Assessment of environmental risks in a black shale area, central Sweden
Black shales of marine origin are common in Europe. Cambrian shales are found in S Sweden and along the Caledonian mountains. They are enriched in trace metals like U, Mo, V, Ni and Zn. They have been utilized for extraction of alum, as energy sources and for the extraction of uranium. This study aims at assessing the environmental risks of trace metals in the Viken area in Central Sweden. The tectonic forces have created a “loaf”, 200 m thick, about 4 km wide with a length of a few km containing about 400 000 tons of U.
The situation has been studied by sampling soils, plants and water. Soils are rich in trace metals, however a variable percentage has been lost in soil formation as compared to the black shale. Only As is of similar levels in soils and shale and has been adsorbed on site onto ferric oxyhydroxides in soils. Mo is taken up in common forage plants like red clover, risking molybdenosis, secondary Cu-deficiency in cattle. However, farmers buy concentrate enriched in Cu which seems to avoid this. Water is rich in U (> 100 mg/l), however calculations with Visual MINTEQ show that U is in the form of Ca-uranyl-complexes (97-99 %) not toxic or uptakeable.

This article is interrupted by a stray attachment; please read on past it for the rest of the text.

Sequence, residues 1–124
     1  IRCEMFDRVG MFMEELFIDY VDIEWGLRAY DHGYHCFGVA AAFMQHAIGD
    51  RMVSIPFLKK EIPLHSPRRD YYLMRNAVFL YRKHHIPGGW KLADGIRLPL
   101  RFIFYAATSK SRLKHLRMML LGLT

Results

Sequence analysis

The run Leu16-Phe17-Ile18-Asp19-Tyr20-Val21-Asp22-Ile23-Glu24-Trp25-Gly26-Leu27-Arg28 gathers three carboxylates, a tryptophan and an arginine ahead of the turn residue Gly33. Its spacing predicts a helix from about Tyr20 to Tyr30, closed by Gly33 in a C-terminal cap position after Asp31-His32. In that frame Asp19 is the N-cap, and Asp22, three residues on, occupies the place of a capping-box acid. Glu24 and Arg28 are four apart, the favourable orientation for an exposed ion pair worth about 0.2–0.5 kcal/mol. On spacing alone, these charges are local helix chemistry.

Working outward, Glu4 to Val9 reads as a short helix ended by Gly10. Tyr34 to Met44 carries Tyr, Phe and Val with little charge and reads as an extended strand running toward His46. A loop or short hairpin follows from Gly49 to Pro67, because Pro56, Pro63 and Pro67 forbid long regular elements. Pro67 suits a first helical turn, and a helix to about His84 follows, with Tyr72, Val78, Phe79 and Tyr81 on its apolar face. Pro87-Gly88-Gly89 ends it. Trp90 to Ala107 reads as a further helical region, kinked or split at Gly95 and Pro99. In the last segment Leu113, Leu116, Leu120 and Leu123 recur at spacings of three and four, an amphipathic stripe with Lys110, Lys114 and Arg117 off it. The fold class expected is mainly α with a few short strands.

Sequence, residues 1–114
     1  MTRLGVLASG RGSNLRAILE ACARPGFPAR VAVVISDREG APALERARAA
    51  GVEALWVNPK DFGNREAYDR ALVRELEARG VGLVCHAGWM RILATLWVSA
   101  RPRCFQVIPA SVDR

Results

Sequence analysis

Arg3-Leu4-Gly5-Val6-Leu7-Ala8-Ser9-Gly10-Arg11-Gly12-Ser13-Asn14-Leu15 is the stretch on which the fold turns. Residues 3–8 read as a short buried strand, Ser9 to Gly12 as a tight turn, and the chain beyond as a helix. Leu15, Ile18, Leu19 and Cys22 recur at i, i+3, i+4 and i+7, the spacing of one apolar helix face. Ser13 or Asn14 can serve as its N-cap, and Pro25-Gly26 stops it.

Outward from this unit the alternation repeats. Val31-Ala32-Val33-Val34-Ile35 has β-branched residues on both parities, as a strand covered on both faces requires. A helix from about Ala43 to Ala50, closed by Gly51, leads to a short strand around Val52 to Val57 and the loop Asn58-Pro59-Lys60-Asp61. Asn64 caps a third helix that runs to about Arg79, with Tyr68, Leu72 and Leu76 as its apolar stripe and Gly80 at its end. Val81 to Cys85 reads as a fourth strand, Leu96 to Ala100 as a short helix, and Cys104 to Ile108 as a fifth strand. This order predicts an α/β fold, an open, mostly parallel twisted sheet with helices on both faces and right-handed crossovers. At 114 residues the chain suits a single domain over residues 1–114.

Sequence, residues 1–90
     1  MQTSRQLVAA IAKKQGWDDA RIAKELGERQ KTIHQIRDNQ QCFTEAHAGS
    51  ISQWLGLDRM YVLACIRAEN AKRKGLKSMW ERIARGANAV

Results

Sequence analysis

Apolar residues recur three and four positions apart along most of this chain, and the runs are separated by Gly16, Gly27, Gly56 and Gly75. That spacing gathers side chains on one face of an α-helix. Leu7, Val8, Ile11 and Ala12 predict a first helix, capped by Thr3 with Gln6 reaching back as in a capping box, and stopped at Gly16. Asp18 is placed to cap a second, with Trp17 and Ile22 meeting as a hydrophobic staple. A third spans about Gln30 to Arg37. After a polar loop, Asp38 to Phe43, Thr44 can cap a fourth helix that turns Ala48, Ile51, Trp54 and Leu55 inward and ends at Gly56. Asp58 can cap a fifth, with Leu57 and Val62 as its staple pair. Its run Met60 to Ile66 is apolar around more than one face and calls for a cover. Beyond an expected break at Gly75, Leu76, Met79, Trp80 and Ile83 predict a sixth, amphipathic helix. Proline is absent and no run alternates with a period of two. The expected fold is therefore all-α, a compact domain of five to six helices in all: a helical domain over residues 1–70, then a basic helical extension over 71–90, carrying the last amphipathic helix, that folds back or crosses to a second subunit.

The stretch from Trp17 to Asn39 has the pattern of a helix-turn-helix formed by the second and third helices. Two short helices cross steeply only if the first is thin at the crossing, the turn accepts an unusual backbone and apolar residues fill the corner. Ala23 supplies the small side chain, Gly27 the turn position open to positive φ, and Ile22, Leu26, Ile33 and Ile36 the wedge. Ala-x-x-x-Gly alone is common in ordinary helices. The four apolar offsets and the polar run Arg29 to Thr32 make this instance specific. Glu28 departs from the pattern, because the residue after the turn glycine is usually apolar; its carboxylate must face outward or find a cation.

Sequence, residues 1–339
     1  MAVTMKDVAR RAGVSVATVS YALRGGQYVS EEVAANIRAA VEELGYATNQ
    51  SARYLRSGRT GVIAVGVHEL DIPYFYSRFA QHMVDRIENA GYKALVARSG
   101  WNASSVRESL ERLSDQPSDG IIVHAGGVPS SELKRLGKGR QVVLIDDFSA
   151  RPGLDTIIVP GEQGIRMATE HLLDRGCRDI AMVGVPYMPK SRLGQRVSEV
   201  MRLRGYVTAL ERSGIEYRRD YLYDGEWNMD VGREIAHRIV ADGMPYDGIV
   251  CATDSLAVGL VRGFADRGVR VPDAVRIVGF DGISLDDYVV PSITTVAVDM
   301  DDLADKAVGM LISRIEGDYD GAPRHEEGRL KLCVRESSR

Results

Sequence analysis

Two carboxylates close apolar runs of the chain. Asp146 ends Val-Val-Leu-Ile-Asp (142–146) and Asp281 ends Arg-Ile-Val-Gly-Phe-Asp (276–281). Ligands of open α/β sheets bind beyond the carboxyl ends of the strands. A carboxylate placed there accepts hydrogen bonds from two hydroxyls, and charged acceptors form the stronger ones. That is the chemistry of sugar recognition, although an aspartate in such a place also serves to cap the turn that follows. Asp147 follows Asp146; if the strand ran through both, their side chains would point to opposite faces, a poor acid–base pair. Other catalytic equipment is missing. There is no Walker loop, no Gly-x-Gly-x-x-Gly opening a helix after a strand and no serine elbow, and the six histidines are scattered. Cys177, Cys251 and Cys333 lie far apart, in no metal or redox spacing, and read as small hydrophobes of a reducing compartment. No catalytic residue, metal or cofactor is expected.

While the current situation does not seem to be of serious concern, there are plans for mining 700 M tons of shale over a 30 year period. This would leave almost the same amount of finely ground waste with 15-25 % of the trace metals left after microbial leaching. The deposition of this waste is crucial as U and Mo would leach under oxidizing conditions while arsenic would do so under reducing conditions. The distance to lake Storsjön, a water source for about 50 000 people, is less than 2 km.
Copyright (c) 2018 Gunnar Jacks, Carl-Magnus Mörth
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